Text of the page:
The role of insurance in closing the climate protection gap – Munich Re

The role of insurance in closing the climate protection gap – Munich Re | Insurance Business America

The role of insurance in closing the climate protection gap – Munich Re

From economic and humanitarian standpoints alike, a larger percentage of natural-catastrophe risks should be borne by insurers, Munich Re said in a statement following an IPCC report last August. It’s not a new claim, but it is easier said than done, especially in countries that cannot afford climate risk insurance.

Although most industrialized countries have managed to close the insurance gap, there is much to be desired for countries with a lower income and a higher risk of a climate crisis.

The flooding in Central Europe last July, for instance, had an estimated loss of €46 billion (about US$53.29 billion), making it the most expensive natural catastrophe in modern European history. Of these losses, over €9 billion were insured.

In contrast, more than 90% of natural catastrophes in emerging countries remain uninsured.

What could help are public-private partnerships with insurance solutions in mind. This joint effort between private insurance sectors and governments ­– often financially backed by donor countries ­– could be the key to closing the climate protection gap.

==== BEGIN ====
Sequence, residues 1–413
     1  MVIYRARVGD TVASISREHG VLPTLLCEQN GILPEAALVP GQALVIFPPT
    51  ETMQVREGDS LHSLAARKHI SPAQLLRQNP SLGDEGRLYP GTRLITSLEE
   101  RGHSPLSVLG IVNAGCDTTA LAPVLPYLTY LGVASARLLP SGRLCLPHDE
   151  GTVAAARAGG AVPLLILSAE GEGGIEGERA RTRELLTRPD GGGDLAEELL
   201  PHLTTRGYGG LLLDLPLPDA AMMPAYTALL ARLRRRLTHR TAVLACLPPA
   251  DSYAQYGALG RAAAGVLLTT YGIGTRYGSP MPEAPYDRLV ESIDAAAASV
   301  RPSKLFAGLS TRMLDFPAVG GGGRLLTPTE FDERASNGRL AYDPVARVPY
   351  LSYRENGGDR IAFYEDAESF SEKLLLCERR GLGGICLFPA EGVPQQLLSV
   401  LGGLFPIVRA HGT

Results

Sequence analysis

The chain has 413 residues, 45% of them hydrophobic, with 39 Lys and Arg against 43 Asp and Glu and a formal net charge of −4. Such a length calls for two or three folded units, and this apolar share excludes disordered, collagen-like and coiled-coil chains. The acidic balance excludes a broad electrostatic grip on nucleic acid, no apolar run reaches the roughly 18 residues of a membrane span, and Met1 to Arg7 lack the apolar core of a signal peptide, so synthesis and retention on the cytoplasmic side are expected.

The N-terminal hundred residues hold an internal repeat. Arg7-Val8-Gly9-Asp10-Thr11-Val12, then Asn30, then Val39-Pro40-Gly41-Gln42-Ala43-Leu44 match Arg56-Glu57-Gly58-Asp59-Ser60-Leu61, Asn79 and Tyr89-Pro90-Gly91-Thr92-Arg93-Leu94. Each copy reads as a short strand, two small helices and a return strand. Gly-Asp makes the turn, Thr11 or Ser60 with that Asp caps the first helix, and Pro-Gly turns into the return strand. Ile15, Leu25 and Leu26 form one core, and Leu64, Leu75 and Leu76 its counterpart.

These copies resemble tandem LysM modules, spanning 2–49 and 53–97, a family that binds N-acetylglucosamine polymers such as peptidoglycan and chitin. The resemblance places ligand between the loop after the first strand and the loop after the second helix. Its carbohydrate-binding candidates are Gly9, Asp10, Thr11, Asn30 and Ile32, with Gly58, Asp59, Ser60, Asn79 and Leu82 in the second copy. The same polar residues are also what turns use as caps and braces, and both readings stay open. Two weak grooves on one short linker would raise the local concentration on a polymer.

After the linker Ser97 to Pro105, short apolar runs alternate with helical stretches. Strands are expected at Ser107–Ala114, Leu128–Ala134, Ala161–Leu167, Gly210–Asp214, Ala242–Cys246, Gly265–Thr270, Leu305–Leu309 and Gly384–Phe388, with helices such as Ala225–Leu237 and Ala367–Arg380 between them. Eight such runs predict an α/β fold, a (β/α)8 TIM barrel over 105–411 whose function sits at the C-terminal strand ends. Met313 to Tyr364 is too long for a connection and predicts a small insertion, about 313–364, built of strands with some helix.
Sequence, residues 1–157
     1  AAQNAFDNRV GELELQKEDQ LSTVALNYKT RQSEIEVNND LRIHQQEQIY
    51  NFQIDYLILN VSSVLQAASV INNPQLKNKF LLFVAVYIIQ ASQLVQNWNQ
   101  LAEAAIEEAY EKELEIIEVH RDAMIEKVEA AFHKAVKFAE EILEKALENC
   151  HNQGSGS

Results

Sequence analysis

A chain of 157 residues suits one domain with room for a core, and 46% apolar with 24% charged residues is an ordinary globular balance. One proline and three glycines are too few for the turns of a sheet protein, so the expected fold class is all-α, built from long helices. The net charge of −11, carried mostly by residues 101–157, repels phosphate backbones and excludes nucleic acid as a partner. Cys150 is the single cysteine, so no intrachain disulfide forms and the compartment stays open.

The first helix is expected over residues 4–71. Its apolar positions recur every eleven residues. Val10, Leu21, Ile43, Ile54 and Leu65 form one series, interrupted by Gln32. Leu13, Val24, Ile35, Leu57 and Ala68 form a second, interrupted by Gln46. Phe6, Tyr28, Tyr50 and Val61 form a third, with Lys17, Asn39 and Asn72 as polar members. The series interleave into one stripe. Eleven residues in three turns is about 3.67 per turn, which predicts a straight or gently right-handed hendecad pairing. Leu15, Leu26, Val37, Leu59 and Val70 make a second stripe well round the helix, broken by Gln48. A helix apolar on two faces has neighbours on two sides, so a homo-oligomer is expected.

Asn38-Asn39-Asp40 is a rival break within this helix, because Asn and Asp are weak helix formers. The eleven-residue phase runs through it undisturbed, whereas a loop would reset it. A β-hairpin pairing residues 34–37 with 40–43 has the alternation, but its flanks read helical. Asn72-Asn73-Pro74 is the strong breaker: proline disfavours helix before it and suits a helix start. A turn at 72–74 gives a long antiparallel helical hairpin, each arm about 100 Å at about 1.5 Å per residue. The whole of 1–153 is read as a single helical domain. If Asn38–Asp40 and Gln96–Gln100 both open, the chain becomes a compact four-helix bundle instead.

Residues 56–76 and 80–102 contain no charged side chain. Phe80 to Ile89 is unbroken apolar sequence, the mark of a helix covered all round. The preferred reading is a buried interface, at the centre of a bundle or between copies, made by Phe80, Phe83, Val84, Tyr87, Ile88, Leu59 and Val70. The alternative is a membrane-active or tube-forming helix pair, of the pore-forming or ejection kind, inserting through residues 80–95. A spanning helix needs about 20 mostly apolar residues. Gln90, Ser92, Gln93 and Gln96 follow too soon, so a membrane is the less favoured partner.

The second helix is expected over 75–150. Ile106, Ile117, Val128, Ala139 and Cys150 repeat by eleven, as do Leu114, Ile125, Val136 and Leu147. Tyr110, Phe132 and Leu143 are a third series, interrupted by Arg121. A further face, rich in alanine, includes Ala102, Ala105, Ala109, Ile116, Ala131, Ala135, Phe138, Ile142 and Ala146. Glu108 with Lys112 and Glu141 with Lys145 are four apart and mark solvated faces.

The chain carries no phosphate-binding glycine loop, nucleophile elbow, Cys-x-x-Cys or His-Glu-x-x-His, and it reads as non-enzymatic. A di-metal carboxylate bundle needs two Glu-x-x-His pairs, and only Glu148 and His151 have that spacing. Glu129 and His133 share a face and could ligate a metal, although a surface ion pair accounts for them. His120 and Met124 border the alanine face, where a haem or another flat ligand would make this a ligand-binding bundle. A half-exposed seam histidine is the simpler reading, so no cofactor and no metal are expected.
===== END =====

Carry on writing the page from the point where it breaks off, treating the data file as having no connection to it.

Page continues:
Munich Re is a firm believer of public-private partnerships, having been involved with the Sustainable Markets Initiative (SMI) and the Insurance Development Forum (IDF).

In the past, there have been collective international measures to grant insurance to countries that don’t have them. Industrialized countries once pledged to provide $100 billion for mitigation and adaptation measures, but the initiative did not push through after they failed to reach its promised sum and develop strong partnerships with their governments.

As such, Munich Re has called for a better national response through structured risk management, highlighting the importance of having set responsibilities to ensure prompt action is made in emergencies.

“At the state level, individual departments often focus only on the risks within their purview. Integrated assessments, let alone comprehensive responsibility, are often lacking,” the statement read. “As a result, disaster prevention is often hindered by poorly defined responsibilities in these countries.”

Joachim Wenning, chief executive officer of Munich Re, used a chief risk officer’s role in the private sector as a prime example of what governments should hope to emulate.

“Having a governmental CRO of sorts would mean having someone who knows all the main risks to society – and who is responsible for the requisite preventive measures and disaster recovery alike,” Wenning said.

Another option is to go down the risk-transfer route through parametric insurance, where cover is based on previously defined, objectively measurable indices. In the case of storms, the insurer shells out an agreed amount when a certain wind speed or volume of rainfall is exceeded.

“In this way, claimants can quickly receive assistance, benefiting from rapid claims processing and payment precisely when they most urgently need liquidity,” the statement read.